I can understand the aesthetics of preferring early January snow pack over mid March snow pack...I prefer it too, but I still won't scoff at deep snow in mid-March as a skier (and for anyone who rides)...and 2015 was huge...it wasn't like having a slushy 3 inches of glop hanging on in shady areas...it was like still a legit 2 foot pack and it stayed cold that month.

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2013-2014 wasn't a terrible pack winter...it was really up and down in Dec/Jan, but it did get going in February for sustained pack. It was a bit better up in NNE late that winter...I remember going up to Sunday River and driving up on March 23rd, 2014...they had about 50 inches on the level once I got to about Bridgeton and beyond.

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The atmosphere over the Pacific is still in Nina mode. So while models are going neutral give or take, it will be interesting to see how the atmosphere adjusts heading into Fall. 

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6 minutes ago, CoastalWx said:

The atmosphere over the Pacific is still in Nina mode. So while models are going neutral give or take, it will be interesting to see how the atmosphere adjusts heading into Fall. 

yeah.. it's like La Nina hang-over. 

as the sun lengthens and the hemisphere slowly starts to cool this autumn, the usual R-wave structuring comes into more and more coherence.  This sort of "triggers" the new paradigm to usurp the previous dynamic and finally take over.  As last winter ended, the atmosphere was sort of left in a state. We need the gradient to come back; which is intrinsically going to be guided by the immense pop-cycle headache of heat source and sink distribution...etc, etc.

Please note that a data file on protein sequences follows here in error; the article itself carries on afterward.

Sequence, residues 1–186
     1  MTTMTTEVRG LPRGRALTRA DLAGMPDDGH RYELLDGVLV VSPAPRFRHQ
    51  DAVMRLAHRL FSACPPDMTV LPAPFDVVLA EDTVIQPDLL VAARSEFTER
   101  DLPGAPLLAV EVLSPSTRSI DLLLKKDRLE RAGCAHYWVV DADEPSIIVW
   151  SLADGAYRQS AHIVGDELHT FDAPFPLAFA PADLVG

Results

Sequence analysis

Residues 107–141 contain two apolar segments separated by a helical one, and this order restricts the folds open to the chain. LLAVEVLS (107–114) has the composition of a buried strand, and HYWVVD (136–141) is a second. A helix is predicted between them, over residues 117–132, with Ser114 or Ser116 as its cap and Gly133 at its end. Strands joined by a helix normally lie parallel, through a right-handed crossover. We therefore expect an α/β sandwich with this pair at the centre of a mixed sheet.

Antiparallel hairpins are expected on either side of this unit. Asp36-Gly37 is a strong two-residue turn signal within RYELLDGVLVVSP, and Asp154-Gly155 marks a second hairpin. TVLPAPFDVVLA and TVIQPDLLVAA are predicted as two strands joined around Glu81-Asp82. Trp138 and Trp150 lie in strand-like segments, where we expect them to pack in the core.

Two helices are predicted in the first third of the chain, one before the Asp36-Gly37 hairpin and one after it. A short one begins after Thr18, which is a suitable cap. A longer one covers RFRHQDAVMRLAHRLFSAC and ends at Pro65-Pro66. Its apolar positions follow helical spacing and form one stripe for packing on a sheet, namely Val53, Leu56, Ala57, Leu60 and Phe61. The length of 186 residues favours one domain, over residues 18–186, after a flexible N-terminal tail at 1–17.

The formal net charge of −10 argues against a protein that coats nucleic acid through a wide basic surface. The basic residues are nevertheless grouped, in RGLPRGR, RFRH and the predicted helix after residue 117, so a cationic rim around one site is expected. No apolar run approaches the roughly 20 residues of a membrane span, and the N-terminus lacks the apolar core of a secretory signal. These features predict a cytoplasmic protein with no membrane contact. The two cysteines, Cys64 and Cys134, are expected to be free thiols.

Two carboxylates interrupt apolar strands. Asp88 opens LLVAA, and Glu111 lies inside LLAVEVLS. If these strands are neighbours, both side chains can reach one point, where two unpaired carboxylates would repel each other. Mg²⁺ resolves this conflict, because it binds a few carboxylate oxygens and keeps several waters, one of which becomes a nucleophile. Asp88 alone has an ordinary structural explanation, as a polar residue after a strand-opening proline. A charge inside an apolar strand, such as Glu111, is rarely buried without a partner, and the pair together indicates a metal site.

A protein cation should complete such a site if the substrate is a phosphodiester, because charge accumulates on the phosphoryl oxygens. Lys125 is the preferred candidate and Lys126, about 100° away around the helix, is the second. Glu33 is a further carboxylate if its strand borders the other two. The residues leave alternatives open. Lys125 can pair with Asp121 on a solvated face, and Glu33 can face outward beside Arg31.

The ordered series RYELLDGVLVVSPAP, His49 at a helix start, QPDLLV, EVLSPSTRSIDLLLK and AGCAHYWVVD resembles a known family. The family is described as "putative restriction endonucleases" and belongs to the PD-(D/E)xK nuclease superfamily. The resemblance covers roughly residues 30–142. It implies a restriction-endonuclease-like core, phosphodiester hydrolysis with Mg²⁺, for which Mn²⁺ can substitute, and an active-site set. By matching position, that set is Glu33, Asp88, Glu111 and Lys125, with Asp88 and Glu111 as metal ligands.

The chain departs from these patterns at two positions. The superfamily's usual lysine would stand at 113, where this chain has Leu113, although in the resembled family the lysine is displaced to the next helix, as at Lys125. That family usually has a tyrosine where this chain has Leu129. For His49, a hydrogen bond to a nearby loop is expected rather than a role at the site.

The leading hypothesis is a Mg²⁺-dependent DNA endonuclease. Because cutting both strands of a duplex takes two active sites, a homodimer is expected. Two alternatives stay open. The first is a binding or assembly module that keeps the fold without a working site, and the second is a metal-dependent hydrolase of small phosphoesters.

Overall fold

I think you are right about the Pac tho - this trough and/or NW flow that's dimmed summer heat this year seems well-enough teleconnected -

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6 minutes ago, Typhoon Tip said:

yeah.. it's like La Nina hang-over. 

as the sun lengthens and the hemisphere slowly starts to cool this autumn, the usual R-wave structuring comes into more and more coherence.  This sort of "triggers" the new paradigm to usurp the previous dynamic and finally take over.  As last winter ended, the atmosphere was sort of left in a state. We need the gradient to come back; which is intrinsically going to be guided by the immense pop-cycle headache of heat source and sink distribution...etc, etc.

I think you are right about the Pac tho - this trough and/or NW flow that's dimmed summer heat this year seems well-enough teleconnected -

Mike Ventrice has a pretty good tool that looks at various signals. So far the atmosphere is still Nina. I like that product because it seems to work well and is a nice way of looking at ENSO instead of SST anomalies.